Arthur Eckstein's fresh and stimulating interpretation challenges the way Polybius' Histories have long been viewed. He argues that Polybius evaluates people and events as much from a moral viewpoint as from a pragmatic, utilitarian, or even "Machiavellian" one. Polybius particularly asks for "improvement" in his audience, hoping that those who study his writings will emerge with a firm determination to live their lives nobly. Teaching by the use of moral exemplars, Polybius also tries to prove that success is not the sole standard by which human action should be judged.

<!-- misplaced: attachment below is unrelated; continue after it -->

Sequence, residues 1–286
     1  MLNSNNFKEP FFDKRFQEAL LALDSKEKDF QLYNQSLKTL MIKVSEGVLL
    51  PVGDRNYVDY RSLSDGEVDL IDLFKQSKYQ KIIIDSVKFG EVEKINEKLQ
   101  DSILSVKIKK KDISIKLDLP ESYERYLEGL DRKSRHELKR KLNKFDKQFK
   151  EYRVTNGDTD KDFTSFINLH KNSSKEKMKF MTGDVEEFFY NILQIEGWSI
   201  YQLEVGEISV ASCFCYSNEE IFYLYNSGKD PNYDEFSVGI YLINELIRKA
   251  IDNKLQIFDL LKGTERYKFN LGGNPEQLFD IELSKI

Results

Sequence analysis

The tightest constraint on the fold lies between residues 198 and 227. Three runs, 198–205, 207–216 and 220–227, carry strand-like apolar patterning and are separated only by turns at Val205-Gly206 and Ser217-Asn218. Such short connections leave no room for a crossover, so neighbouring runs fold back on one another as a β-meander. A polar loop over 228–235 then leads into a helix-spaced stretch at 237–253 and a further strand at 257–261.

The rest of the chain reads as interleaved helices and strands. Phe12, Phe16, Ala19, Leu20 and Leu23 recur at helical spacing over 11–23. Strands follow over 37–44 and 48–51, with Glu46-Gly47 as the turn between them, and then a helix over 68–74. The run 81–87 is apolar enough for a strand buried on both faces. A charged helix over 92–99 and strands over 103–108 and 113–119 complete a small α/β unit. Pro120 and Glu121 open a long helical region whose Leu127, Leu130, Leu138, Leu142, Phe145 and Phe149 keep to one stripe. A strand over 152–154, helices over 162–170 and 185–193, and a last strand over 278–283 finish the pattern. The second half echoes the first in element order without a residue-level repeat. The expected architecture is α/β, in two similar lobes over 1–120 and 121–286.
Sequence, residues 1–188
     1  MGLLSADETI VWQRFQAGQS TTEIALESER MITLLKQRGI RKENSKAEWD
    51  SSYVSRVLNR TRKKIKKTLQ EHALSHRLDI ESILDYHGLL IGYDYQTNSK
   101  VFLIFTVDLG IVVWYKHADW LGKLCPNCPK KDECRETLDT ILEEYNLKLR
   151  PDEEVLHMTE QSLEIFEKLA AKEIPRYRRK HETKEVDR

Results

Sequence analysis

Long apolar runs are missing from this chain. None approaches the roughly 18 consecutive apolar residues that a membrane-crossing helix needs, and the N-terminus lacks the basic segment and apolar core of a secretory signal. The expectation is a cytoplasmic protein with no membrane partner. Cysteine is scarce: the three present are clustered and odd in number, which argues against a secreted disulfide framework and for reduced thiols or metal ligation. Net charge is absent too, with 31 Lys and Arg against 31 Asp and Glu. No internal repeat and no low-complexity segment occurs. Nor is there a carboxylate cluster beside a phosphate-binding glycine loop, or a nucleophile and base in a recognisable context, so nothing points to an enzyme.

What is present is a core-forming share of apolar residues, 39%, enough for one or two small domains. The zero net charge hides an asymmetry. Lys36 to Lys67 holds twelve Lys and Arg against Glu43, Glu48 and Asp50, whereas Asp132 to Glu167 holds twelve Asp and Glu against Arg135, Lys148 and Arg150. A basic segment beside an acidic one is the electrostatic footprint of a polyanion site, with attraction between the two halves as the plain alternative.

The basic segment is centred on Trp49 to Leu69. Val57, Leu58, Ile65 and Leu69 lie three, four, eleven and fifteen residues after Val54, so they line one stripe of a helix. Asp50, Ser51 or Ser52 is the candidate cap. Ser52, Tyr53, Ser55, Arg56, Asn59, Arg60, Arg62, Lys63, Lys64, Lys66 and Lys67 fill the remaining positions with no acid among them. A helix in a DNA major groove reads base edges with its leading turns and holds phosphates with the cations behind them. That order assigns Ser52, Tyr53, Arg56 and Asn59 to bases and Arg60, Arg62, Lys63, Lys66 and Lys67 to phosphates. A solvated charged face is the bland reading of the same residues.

In Defense of Presidential Libraries: Why the Failure to Build an Obama Library Is Bad for Democracy
There will be no Barack Obama Presidential Library. Think about that for a moment. Let it sink in. The nation’s first African American president will not have a presidential library administered by …Read More >